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Jones Day Hires Trump’s Acting Homeland Security GC Mizelle

Jan. 28, 2021, 4:45 PM

Jones Day has hired Chad Mizelle, a politically appointed lawyer in the Trump administration who worked in the Justice Department and White House before serving as acting general counsel of the Department of Homeland Security.

The hire extends Jones Day’s connections to former Trump administration lawyers at a time when many Big Law firms are distancing themselves from the former president. After graduating law school in 2013, Mizelle worked as an associate at Gibson Dunn & Crutcher, another prominent Big Law firm, before his work at the Justice Department began in 2017.

Among Big Law firms, Jones Day had arguably the closest connections to former President Trump, starting with Don McGahn, who was a lawyer for the 2016 campaign and served as Trump’s first and most prominent White House counsel before returning to Jones Day in 2019. The firm sent more than a dozen lawyers into government positions early in Trump’s term.

Noel Francisco, who served as solicitor general under Trump, was promoted to head Jones Day’s Washington office earlier this week.

Mizelle will be “of counsel” at Jones Day, a position below partner that doesn’t receive compensation from a law firm’s annual profit pool. The firm said Mizelle’s work at DHS included advising on transactions reviewed by the Committee on Foreign Investment in the U.S. (CFIUS). That committee has become more important in the types of international transactions Jones Day and other large law firms compete to handle.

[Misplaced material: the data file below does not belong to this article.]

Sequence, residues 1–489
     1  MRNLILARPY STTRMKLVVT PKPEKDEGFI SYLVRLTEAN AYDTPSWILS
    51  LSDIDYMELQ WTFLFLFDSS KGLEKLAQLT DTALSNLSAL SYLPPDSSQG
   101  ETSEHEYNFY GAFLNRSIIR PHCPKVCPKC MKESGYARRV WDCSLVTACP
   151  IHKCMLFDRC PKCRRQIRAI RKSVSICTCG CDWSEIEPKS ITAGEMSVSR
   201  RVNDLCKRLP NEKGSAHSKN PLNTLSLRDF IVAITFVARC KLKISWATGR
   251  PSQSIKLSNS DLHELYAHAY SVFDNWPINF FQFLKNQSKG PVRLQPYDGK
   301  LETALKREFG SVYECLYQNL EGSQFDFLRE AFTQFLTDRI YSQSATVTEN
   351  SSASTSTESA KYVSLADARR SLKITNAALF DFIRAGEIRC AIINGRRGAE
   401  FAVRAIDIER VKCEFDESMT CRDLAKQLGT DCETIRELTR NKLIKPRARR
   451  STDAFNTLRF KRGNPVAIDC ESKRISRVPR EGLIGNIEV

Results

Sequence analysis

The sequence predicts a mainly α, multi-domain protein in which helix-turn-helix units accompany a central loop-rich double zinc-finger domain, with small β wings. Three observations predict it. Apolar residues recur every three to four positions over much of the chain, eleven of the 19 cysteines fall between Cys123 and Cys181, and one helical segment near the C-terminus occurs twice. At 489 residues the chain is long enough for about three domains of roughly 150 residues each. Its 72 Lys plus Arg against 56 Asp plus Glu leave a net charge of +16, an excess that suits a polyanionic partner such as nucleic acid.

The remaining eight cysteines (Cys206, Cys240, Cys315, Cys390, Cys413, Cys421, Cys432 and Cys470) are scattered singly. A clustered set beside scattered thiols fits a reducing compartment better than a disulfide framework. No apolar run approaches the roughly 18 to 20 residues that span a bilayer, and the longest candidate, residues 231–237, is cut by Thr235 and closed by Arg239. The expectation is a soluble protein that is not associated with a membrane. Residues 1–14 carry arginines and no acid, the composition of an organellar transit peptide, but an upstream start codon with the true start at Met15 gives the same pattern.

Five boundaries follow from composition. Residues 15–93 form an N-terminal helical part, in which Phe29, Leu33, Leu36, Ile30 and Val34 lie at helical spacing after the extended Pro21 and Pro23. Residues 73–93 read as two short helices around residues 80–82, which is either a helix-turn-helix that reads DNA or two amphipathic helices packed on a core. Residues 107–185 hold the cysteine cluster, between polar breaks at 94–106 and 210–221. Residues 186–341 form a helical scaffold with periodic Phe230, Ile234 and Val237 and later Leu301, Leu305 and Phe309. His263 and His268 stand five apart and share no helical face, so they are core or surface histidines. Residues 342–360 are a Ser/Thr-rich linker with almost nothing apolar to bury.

Mizelle will work out of the firm’s Miami and Washington offices as a member of its government regulation practice.

Mizelle’s wife, Kathryn Kimball Mizelle, is a former Jones Day associate who was nominated by the Trump administration to serve as a federal judge in central Florida. She became one of the youngest federal judges last year despite the American Bar Association rating her “not qualified” due to lack of experience.

A number of Big Law firms dropped the former president as a client following the Jan. 6 riot on Capitol Hill that resulted in at least five deaths and Trump’s second impeachment. Before that, major law firms working on lawsuits challenging election results received criticism from groups such as The Lincoln Project, which consists of conservative lawyers who opposed president Trump.

Jones Day leaders came under fire for the firm’s role in a Pennsylvania lawsuit that challenged a rule change extending time for mail-in ballots to arrive, Bloomberg reported in November. At the time, Kevyn Orr, now the firm’s partner-in-charge for the U.S., defended the firm’s work in an internal conference call with Jones Day’s own lawyers and said it wouldn’t become involved in any other post-election challenges.

To contact the reporter on this story: Roy Strom in Chicago at rstrom@bloomberglaw.com

To contact the editors responsible for this story: Rebekah Mintzer at rmintzer@bloomberglaw.com; Chris Opfer at copfer@bloomberglaw.com

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